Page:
This blog is mostly about meditation and its outcomes.

My personal practice is stillness of mind. Profound meditation allows us to see our mind objectively.

Swami Shantananda
(aka Mataji)

When there is awareness of the mind, the “me” behaves better, because the quiet self sees the mind’s pains and pleasures objectively. Most of the fuss in life comes from a total investment in the likes and dislikes of “me”, and we see life constantly in terms of Me…. ME – and you; ME – and the rest of the world; ME – and my friends; ME – and the people who don’t like me; ME – and my ego

It sets itself at the centre of all, and even giving itself a second person in there somewhere, called “my ego”. But the I/Me is the ego! There is no “me + my ego”… The ego is not something we have, it is what the personal self actually is.

That sense of self changes – a little at first, then a lot, as awareness grows. There is an awareness that the I-ego is not really the centre of anything… and one’s life plays out without the dramas of the “me” holding its ground against every other “me”. As persons, we become more robust to the ups and downs of life, more tolerant of others, and much much easier with our own life and how the world is. And yes, a quiet awareness notices . That really means every day. But if you cannot manage that, then every two days, or twice a week, or three times a fortnight… Ideally the meditation practice is one hour a day; but 15 minutes, or 10 minutes, once or twice a day is great; or otherwise, even when you remember. Just do it, and get used to just doing it!
The other part of a meditative life is contemplation. That is, using the wonderful mind that is in your head to consider the processes by which you handle everyday events.
Little by little, meditation along with contemplation changes how you see life, and self, and others; you wonder why you didn’t see it long ago!


I’d like to help you get meditation and contemplation into your daily life. So why not try from basics, practising each exercise, for 6 months? The start date on this page is July 2023, but of course, the processes are not only for any a particular time and then finished.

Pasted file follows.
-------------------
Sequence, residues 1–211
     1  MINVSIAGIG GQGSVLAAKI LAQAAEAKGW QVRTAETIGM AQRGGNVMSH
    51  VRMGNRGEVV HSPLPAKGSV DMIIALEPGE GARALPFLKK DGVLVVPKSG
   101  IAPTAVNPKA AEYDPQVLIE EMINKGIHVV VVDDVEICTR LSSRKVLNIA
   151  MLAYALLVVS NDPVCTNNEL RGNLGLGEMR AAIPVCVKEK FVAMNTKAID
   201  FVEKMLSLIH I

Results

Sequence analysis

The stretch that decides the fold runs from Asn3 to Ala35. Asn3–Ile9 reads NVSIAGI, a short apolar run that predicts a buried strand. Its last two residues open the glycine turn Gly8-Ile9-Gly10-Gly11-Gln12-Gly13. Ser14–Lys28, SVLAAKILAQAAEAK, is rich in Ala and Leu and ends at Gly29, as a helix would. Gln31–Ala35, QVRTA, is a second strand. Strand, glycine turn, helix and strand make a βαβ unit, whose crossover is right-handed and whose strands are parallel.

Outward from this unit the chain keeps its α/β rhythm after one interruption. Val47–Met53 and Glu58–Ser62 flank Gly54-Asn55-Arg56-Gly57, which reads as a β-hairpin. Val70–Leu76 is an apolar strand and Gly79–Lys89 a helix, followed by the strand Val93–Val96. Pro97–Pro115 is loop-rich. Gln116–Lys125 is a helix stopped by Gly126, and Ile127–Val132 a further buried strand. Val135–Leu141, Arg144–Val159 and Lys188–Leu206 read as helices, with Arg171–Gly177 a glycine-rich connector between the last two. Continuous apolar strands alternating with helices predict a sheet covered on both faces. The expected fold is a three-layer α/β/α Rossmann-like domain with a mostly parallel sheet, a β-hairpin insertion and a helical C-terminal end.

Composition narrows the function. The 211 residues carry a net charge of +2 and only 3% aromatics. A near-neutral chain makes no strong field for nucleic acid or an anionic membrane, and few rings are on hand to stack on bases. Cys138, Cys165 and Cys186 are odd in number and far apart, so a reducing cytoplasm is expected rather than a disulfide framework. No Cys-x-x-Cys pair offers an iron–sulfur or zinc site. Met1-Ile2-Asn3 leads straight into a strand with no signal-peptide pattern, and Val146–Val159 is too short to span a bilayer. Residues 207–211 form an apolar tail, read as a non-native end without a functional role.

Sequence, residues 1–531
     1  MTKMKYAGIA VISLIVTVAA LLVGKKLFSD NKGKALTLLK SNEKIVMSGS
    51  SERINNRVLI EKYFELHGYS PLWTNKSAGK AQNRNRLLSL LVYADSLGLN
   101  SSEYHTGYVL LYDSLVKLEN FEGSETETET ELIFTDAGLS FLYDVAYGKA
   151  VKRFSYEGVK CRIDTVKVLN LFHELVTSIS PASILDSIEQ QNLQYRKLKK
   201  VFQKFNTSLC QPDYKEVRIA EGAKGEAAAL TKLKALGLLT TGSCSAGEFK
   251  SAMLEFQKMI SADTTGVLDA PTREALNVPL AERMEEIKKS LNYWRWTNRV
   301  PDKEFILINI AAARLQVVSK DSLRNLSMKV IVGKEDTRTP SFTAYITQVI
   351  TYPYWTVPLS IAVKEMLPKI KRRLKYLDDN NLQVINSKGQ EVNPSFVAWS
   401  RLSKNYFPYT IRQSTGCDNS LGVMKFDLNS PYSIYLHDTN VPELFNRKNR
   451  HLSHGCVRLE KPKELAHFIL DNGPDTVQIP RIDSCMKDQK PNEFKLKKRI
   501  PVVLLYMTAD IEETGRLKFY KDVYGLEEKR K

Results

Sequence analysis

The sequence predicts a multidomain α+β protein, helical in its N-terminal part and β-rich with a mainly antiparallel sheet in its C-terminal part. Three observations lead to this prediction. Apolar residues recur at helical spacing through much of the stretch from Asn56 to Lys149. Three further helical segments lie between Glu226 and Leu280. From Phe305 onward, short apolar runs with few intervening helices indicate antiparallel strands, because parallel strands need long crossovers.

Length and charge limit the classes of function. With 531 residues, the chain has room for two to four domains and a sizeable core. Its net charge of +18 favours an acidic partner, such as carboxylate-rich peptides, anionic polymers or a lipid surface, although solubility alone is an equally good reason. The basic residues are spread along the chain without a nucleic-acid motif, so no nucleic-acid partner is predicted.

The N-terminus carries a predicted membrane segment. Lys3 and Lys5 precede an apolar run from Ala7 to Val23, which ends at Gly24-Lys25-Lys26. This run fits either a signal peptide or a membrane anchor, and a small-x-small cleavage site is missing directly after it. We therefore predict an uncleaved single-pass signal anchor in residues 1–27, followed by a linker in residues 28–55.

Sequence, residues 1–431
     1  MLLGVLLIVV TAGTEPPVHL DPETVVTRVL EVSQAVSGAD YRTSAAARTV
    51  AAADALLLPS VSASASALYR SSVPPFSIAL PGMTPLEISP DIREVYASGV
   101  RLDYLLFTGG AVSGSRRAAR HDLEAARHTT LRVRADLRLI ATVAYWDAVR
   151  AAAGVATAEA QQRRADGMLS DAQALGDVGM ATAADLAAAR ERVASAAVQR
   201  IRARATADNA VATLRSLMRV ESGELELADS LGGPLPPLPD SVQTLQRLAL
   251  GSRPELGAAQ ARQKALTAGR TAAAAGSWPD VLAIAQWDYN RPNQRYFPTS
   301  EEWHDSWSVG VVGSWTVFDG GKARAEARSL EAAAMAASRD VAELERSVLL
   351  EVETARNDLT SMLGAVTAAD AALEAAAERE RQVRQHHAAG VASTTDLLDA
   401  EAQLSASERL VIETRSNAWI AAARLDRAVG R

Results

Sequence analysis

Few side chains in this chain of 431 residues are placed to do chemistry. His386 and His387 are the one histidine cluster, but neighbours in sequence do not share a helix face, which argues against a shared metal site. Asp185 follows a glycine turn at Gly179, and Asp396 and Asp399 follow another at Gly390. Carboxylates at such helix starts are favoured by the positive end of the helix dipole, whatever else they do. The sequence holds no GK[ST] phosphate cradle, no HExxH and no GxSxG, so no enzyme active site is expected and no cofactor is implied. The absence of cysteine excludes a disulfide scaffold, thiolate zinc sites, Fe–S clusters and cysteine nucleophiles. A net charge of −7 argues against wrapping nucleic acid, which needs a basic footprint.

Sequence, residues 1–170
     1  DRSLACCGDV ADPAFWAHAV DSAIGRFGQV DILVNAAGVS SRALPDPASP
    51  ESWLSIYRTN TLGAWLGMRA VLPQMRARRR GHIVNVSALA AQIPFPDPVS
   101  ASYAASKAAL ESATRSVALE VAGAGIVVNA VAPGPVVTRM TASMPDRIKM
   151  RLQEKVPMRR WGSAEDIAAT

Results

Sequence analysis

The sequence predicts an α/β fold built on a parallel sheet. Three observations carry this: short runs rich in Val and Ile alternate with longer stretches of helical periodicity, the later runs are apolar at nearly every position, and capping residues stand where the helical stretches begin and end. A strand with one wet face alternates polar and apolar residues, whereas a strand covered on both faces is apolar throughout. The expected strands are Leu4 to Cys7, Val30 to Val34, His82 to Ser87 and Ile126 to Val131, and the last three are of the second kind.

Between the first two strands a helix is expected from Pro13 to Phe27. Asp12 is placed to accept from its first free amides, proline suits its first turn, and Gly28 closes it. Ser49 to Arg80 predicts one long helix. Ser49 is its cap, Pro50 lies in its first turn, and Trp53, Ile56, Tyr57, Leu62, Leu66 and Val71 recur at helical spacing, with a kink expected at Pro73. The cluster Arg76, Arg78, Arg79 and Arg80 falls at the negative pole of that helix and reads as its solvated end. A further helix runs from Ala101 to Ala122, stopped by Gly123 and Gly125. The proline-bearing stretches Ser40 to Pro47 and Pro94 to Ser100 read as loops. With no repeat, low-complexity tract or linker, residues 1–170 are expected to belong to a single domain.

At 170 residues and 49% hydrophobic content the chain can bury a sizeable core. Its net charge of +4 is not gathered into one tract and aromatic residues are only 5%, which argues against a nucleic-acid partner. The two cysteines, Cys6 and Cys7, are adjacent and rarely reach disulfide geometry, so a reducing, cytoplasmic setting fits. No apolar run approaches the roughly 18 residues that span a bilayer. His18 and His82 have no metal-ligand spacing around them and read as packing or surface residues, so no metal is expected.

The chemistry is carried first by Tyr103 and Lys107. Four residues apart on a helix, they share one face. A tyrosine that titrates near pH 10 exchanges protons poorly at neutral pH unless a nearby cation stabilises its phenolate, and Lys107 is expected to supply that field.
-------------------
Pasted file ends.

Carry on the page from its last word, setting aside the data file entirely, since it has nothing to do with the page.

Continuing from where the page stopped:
Sitting in any comfortable and sustainable position. Sitting upright in Lotus Pose? Only if you would sustain it without feeling smug. Armchair? Ok, so long as it does not become an exercise in dozing off.
One hour daily; or half an hour daily; or 15 minutes daily; or 10 minutes daily! Or whenever you decide you will. But remember, MEDITATION, MEDITATION, MEDITATION!! Practising for the time you have set, and not getting up until then, is the key. Boredom is not a reason for stopping; a baby crying is a good reason; or maybe if the curtains catch fire. Normally, just continue, no matter how much you feel as though anything else at all would be much entertaining!

Consider your rules for living: how do you decide who loves you? How do you decide who it is you are prepared to give your love? Who do you exclude from love? And think about the “why” in each case. What is “I” and “Other”?
Frequently – during the day; before sleep; upon awakening; while doing the dishes; making a cuppa. Maybe not when you are truly working on some other task. But then, full concentration on such a task is a contemplation in itself, focused on a task.

Will you do it? Let me know how you go 🙂

Mataji’s Meditation CV